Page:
or the sun which could also be time
running out, going down like a diminishing
crayon stub still eking out, incredibly,
enough yellow to warm a house 30 years.

from Autumn Sky Poetry Number 7, December 2007 — by Paul Hostovsky

The Compass by Julian Matthews

The Compass

Tears are an ancient compass
constantly pointing south
for the Sabina Nessas of the world:
Muslim, Brown, South Asian descent,
and for the 700 indigenous women missing—
from the same area Gabby Petito was found

Tears are an ancient compass but
N-E-W-S without the N is only ews to you
Your compass is a screen coloured with your flighty bias
You are not lost—just feathering your nest with your fears
Your needle is magnetized by “influencers” who flock together
and never fly south,
nor east nor west,
every winter of our lives—
as if we even needed a winter to remind us
of all the seasons of killing

Our tears are an ancient compass
the tracks of which
lead to an ocean that will never wet the cheek
of you

Your compass is broken.

by Julian Matthews
(from the prompt “Tears are an ancient compass” from Taylor Mali’s @metaphor_dice broadcast on IG)

Editor’s note: Metaphor, enjambment, and unexpected punctuation keep the reader off balance in this poem, emphasizing the underlying theme of grief/horror quite well.

I Write in the House of Her Narrative by Risa Denenberg

I Write in the House of Her Narrative

Don’t ask me about my mother.
Don’t tell me to lean towards joy.

Would you tell a dog barking for bone,
a babe bawling for breast to be jubilant?

My mother was not. And so I am not.
She of the gilded mask and robe,

inscribed with molasses and tobacco. Here,
where sunlight is rationed, I’m the ugly ingrate.

When I pull on the pink slippers and shout:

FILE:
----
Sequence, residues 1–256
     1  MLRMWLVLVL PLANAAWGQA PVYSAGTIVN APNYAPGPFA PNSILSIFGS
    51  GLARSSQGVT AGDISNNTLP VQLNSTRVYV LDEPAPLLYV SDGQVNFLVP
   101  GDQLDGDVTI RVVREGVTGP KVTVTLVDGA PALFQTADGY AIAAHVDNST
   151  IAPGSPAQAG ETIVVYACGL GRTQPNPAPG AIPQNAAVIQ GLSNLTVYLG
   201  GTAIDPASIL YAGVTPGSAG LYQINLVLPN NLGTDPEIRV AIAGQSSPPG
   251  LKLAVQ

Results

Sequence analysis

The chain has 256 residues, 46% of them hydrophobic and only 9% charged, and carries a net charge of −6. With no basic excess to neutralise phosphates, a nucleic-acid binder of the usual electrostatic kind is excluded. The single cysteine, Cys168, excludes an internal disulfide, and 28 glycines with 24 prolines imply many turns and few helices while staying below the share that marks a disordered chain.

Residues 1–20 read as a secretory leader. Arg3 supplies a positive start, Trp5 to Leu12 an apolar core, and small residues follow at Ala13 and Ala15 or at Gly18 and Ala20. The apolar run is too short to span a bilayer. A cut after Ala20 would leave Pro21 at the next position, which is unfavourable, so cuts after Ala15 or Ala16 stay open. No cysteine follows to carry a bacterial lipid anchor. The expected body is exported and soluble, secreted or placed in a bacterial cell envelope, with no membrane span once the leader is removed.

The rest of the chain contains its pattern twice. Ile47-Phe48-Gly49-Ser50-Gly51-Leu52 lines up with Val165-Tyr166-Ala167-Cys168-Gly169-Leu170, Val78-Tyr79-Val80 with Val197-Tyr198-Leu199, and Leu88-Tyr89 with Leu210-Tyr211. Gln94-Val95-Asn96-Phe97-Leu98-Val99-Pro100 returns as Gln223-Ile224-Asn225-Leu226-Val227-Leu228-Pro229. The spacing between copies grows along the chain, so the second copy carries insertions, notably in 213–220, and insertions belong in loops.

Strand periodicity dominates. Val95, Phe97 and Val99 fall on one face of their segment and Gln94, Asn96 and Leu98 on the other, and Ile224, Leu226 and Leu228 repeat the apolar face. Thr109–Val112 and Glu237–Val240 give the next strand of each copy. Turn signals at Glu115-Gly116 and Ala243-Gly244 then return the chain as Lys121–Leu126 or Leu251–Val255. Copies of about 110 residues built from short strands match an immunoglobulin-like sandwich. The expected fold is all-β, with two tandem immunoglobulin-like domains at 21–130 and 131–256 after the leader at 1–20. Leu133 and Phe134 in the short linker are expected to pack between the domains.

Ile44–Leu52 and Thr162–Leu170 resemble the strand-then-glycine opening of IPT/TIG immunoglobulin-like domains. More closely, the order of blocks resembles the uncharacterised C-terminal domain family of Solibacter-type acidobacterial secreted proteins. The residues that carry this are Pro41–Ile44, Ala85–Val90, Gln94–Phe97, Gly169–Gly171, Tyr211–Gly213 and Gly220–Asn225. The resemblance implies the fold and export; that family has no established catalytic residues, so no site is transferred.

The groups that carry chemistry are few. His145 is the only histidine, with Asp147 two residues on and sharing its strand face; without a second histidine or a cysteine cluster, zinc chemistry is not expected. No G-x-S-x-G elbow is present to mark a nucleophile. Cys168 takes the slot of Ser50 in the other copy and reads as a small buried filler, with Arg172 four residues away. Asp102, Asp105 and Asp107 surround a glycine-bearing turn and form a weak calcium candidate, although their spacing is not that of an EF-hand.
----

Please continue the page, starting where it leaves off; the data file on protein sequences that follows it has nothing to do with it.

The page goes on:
Look, Ma. I can pirouette, she taps ash.

When I show her my first poem, she
upstages me with her own version.

Body from body. It’s just too fucking intimate.
My infant form faltered, crowned once,

drowned twice. Nearer now to my own line break,
I lean towards the volta. The mother still inserts herself

between couplets. A third foot.
We did our little dance.

I was not chosen. Such a blessing
the dead have no memories.

by Risa Denenberg

Editor’s note: This poem’s speaker recognizes how trauma can linger the way cigarette smoke stains everything around it, until the only freedom that seems possible is death.

Love Under Threat of Cancer by Larina Warnock

Love Under Threat of Cancer

1. The Night of the Call Back

We lay facing each other, smothering
ourselves by ticking off things we know
and things we don’t want to
suspect. Whatever they’ve seen is small yet.
It could be nothing; statistics provide
hope, genetic testing an educated guess.
We start to talk about the family history, but instead
fall into silence, as if our voices might carry the violence
of a positive diagnosis even before biopsy.
We start to talk about my random fevers, my fatigue,
other symptomology we’ve not seen in the normal